Interior Insights: Fixing Other Shops’ Mistakes

Nov 25, 2009

It’s all too common in the auto trim and upholstery market, as well as in the hot rod and restoration market, to have customers come in with cars that had work done on them by a less-than-competent craftsman.

At the ARMO roundtable discussion at the 2009 SEMA Show, Jim Barber, chair of ARMO and owner of C.A.R.S. (Classic Automotive Restoration Specialists) in Belews Creek, North Carolina, said that he tracks the percentage of vehicles that come into his restoration shop that have workmanship problems and require fixing, and it’s roughly 30 to 40 percent of his business.

Obviously, this is a situation that a number of trim shops must be running into.

What does this have to do with upholstery work?

How many times has an auto trimmer gotten a car in the bay that was nearly damaged beyond recognition by somebody else?

The reason this is an issue is that if an auto trimmer starts working on an interior, it’s difficult to explain to the customer what’s wrong and what it will take to fix it.

When it’s an engine and the car won’t run, most customers will realize that it’s not the fault of the professional shop they just brought the car to.

For auto trimmers, unless it’s a visibly bad job, you can easily underestimate the amount of work that a job will take unless you’re aware of what was done to it previously.

Oftentimes, a trimmer can’t see how badly a job was done until they take the seat and seat cover out, especially if there are problems with a seat frame.

Because of this, it’s easy for a shop to end up in a situation where a customer blames you for the bad work done by someone else.

What can be done about this?

An inspection checklist for your trimmer employees can help ensure that whoever is working on the seat is not overlooking anything that either the owner or shop salesperson needs to report to the customer.

Next, documenting the job as you take apart the seats, and photographing the problems that are discovered, can help prevent the customer from blaming you for pre-existing issues with the seats, seat covers or other interior areas.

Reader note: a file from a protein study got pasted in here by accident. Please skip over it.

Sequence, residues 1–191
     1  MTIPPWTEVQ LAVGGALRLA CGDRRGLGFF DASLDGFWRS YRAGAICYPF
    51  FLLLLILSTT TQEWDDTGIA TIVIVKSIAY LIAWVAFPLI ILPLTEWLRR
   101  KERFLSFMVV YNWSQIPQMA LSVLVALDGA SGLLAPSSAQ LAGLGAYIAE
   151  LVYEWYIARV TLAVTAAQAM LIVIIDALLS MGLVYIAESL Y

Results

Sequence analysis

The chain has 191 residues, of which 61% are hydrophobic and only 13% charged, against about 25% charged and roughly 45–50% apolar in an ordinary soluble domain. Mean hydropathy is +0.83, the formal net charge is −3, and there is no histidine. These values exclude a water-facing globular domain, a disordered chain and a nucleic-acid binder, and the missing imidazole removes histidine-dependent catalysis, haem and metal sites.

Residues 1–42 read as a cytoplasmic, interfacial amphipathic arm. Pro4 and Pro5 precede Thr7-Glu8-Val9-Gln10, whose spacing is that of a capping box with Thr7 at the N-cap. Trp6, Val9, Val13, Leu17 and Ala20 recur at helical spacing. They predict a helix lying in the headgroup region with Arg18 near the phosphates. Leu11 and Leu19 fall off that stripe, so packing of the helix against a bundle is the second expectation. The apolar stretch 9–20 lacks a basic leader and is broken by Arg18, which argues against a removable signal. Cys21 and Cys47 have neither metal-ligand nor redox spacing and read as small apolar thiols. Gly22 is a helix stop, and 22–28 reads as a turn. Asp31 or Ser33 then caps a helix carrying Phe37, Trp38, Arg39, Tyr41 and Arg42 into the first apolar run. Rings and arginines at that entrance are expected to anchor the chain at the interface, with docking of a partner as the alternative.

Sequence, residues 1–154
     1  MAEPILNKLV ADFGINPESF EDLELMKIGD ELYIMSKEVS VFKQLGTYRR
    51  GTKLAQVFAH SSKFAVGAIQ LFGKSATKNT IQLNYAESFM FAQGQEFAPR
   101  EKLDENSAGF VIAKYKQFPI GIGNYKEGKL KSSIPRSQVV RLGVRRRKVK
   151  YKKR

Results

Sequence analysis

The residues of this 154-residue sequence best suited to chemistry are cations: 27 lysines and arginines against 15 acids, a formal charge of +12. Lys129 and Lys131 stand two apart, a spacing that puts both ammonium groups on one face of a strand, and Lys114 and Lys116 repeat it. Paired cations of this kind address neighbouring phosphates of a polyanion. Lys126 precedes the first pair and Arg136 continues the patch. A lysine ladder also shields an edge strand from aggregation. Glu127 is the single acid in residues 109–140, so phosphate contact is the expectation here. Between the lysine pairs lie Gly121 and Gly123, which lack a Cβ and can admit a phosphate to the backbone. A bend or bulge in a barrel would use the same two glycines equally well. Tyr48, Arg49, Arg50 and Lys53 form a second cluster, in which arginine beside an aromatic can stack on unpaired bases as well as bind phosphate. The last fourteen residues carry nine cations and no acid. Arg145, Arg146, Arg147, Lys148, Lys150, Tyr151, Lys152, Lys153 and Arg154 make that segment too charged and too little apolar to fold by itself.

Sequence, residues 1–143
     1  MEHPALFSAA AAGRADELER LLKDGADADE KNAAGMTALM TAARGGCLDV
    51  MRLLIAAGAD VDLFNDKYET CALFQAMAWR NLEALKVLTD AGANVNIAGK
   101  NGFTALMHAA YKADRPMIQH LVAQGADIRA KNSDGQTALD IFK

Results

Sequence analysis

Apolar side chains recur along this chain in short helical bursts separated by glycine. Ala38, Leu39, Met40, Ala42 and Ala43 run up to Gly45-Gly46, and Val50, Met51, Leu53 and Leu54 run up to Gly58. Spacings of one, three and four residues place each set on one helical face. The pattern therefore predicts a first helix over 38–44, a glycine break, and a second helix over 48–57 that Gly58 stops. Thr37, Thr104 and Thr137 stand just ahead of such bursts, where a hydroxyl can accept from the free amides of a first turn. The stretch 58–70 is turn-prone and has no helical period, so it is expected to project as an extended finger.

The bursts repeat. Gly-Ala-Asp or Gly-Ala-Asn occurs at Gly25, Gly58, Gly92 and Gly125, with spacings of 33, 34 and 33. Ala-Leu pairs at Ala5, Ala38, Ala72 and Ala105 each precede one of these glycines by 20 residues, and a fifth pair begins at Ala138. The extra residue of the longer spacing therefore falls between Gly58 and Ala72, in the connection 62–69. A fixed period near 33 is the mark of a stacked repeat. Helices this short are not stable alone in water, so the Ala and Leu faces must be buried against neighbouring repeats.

By keeping all of your individual projects, photos and documentation dated and in organized folders, either in hard-copy or online, you’ll be able to reference the work you’ve done if the customer complains about the time you’re taking or what you’re charging for the work you’re doing.

With some preparation, though, you won’t have to deal with complaining customers at all.

To prepare for the inevitable “can you please fix this?” request from customers, a trim shop should have a written policy in place that all employees are aware of.

Charging labor plus materials, rather than a written estimate, makes more sense when dealing with someone else’s mistakes.

With no way to know just how bad the job actually is before taking on the project, it makes zero sense to provide an estimate and then, if the job ends up taking a lot longer than expected, the shop doesn’t have to eat the cost.

Next, making sure the customer is aware that you have no idea how long the job will take from the get-go is crucial.

If a trim shop owner or salesperson quotes the customer a specific completion time, that customer will expect it to be finished, regardless of any reasons the shop’s owner or employees give.

What happens if the job is truly a train-wreck and is nearly unsalvageable?

Again, this is something the trim shop’s owner or salesperson should discuss as a possibility with the customer before even taking on the job.

They need to know that the job might require being redone completely, and that they will have to pay for all the materials and labor that entails.

What about a car that needs to be re-done in time for a car show?

This is a tough situation, because to get the job done and fix everything that’s wrong, the shop might have to put all other projects aside to meet the deadline.

The shop owner and staff have to weigh the benefits of doing the job, which means charging a premium over the normal cost of doing work.

Even with the slow economy, many trim shops are doing well and are booked well in advance, especially in the restoration, hot rod, street rod, classic car and muscle car markets.

With demand still relatively strong, shop owners shouldn’t be afraid to charge what their work is worth. Letting the customer know upfront, especially when dealing with fixing somebody else’s mistakes, is the way to go.